Forty Views of Victorian Ramsgate
41 B/W engravings reprinted in a A5 £3.99 and A4 £6.99
In 1736 when John Lewis produced the revised edition of the earliest history of the Isle of Thanet he made it available both in the ordinary edition and a large paper edition. Following the trend in local history books set 330 years ago this is my first attempt at two sizes. This book is available in A5 format at £3.99 and A4 format at £6.99
This book is a collection of engravings of Ramsgate from 1850s to the 1870s they were originally produced in various publications of the period.
You will find them described by “experts” as either etchings or engravings or the more generalised term prints. I suspect that some of them use both techniques however most of the pictures in this book are engravings.
By etching I mean that a small sheet of mild steel or copper is treated by coating with an acid resistant coating, sometimes shellac (beetle droppings dissolved in alcohol) parts of the coating are then scratched away to the metal, which is then dropped into an acid bath, eating away the metal where the ink is going to be. By engraving I mean the metal is scratched with an engraving tool where the artist wants the lines. The printing process is unlike that for type where a platen press is used. The etched or engraved metal plate is inked and then wiped clean leaving the ink in the scratches paper softened by wetting is then laid on the plate both are then sandwiched between two metal sheets and put through a press with steel rollers rather like an old fashioned clothes wringer. The paper is forced into the scratches and so inked. One of the problems for the historian is that engravers or etchers that had never seen the subjects of their pictures produced many engravings and etchings. An artist perhaps would produce a painting another artist make a sketch of it in a gallery and then an engraver would then make an engraving from the sketch. This produced anomalies like the one entitled “Ramsgate Harbour from the Royal Albion Hotel” where among other inconsistencies a whole cliff has appeared in the right of the picture. These mistakes are generally referred to technically as artistic licence. The results of this are particularly unusual where the artist is illustrating something he has never seen at all described in the text of the book, some of the early pictures of elephants are quite marvellous.
The engravings for this book were produced for the popular market, you will notice that nearly all of the engravings say Ramsgate on them as not only were they included in books about Ramsgate but were sold separately used for notelets and so on. The writing under the picture appears in copper plate as it was engraved like the picture. In some cases I have replaced the copper plate writing because it was nearly illegible on the original.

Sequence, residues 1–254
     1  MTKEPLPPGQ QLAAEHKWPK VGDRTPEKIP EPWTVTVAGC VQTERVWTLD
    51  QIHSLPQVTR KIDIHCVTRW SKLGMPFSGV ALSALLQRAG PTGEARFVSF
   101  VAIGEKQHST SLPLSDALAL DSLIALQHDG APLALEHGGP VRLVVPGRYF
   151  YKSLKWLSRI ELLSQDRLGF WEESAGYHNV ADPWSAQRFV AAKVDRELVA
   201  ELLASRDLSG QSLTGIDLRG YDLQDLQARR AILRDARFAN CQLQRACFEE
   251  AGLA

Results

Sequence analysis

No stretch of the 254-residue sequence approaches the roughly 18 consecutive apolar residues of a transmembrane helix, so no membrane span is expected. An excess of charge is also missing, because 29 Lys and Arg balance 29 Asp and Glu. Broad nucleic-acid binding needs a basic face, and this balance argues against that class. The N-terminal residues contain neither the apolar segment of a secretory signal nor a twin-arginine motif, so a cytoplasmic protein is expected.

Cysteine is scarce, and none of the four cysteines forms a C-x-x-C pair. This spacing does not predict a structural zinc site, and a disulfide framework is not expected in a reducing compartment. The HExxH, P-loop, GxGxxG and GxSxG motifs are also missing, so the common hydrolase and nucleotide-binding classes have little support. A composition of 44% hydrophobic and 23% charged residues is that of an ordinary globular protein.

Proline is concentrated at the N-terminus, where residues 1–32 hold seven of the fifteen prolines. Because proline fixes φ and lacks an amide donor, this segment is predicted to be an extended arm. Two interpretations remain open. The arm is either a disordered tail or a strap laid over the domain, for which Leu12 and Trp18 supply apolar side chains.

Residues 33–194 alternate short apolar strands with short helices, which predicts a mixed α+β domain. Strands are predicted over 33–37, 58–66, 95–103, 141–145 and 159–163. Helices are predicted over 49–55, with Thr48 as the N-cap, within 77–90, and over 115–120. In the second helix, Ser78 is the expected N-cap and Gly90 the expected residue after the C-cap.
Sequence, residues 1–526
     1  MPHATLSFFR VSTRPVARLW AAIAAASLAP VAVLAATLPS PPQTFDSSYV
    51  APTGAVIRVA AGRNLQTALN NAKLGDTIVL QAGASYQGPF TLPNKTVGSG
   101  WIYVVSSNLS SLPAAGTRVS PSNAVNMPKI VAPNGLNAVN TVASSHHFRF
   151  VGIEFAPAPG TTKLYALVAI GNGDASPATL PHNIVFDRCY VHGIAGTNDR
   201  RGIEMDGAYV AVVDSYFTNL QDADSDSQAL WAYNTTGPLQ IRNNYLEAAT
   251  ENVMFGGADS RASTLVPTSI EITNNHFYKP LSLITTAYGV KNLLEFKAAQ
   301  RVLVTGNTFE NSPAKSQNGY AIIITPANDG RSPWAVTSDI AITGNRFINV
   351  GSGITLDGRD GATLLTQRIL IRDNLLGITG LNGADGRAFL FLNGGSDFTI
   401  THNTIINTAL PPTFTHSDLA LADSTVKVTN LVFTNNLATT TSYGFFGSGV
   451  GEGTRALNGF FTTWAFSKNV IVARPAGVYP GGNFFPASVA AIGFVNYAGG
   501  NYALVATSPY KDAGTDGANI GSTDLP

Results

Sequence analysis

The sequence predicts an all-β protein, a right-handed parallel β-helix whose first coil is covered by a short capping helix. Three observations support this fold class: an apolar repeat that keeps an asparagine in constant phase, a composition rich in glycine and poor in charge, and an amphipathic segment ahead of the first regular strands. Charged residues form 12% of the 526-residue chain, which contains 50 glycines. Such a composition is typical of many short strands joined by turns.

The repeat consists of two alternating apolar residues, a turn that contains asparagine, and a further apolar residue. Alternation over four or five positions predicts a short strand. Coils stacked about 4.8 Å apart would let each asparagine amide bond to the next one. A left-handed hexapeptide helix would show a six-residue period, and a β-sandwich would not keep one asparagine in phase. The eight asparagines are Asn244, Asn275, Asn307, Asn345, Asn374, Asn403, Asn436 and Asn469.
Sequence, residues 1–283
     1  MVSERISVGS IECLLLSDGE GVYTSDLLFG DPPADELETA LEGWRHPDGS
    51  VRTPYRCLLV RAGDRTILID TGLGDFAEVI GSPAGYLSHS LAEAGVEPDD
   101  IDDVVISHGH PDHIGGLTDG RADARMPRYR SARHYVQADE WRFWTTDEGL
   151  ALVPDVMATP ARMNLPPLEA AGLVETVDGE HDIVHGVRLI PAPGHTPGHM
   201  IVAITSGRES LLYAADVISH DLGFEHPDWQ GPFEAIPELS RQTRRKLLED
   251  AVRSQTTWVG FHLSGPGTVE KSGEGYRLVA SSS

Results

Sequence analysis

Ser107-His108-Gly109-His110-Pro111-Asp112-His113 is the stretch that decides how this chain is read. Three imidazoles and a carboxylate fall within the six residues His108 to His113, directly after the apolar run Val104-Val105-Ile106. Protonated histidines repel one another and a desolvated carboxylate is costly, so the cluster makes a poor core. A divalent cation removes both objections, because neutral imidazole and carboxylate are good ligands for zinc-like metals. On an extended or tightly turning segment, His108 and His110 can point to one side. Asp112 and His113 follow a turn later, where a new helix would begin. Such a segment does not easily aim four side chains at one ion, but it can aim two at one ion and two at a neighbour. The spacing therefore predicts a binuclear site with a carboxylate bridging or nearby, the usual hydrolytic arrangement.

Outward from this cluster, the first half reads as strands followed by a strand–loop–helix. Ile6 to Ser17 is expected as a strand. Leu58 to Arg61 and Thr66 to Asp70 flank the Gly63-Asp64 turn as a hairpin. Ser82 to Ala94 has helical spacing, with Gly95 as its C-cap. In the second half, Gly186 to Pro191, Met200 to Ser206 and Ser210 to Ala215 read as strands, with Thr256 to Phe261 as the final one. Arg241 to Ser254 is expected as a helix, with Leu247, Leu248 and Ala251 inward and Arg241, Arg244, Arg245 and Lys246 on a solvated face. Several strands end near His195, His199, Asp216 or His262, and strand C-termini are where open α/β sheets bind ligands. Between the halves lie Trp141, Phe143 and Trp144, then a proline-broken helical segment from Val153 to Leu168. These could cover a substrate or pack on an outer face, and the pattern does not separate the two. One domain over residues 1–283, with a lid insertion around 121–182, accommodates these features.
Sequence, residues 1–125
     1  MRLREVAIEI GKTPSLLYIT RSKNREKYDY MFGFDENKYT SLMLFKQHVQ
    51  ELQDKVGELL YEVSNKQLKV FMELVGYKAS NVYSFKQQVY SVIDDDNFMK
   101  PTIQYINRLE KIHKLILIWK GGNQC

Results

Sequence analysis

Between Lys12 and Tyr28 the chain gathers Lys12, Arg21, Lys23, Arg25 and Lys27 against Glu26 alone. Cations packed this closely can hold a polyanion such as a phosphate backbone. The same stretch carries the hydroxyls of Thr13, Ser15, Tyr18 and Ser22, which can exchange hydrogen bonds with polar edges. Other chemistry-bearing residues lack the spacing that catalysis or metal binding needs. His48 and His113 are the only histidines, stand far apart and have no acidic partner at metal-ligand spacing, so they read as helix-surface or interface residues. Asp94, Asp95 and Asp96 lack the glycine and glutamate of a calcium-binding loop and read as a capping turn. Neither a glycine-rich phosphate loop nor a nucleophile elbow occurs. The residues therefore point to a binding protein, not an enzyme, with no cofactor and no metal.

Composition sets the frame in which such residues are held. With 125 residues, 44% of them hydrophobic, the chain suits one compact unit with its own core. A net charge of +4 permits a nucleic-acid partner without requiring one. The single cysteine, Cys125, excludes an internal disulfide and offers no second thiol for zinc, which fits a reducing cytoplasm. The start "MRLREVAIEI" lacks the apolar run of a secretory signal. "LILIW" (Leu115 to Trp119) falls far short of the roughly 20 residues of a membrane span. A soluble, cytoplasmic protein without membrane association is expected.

Firms like Rock & Co. often produced small books of views of the towns in the British Isles, they produced one of Ramsgate with 30 views of Ramsgate and the surrounding area within. As the individual pictures sell for about £20 to £30 each you can well imagine that these books are both expensive and very hard to get. Some of Newman & Co's. engravings appear with engravings by other firms in another book of 30 views of Ramsgate and the surrounding area. Two of Newman & Co's. engravings also appear in the New Guide to Ramsgate published in Ramsgate by J. Bear in 1867 while some of these pictures are still appearing with up-to-date pictures in albums of views of Ramsgate published as late as 1900. as the plates wear out the picture becomes blurred until an engraver engraved a new plate, so little inconsistencies appear in different printings of the same picture.
All the etchings and engravings of course, started life on monochrome however many have been hand coloured, like the one I have used for the cover of this book. It is usually impossible to tell when they were coloured as watercolour is pretty much the same today as it was 150 years ago.
I have endeavoured to make the reprinted pictures as close to the originals as I can although some of the originals were less good impressions than one would have desired. Many thanks to those kind people who lent me engravings to copy for this and other publications.
I have tried to design the book so that should you wish to cut it up and frame the pictures they should look right in the cheaply available frames. As none of the pictures are subject to copyright you can of course photocopy them, however you will find that some of the fine lines especially where they converge don't copy well. The monochrome printer I have used is the one I use for the shop window displays that have to withstand direct sunlight for a considerable time. I have found the prints it produces to be particularly resistant to fading.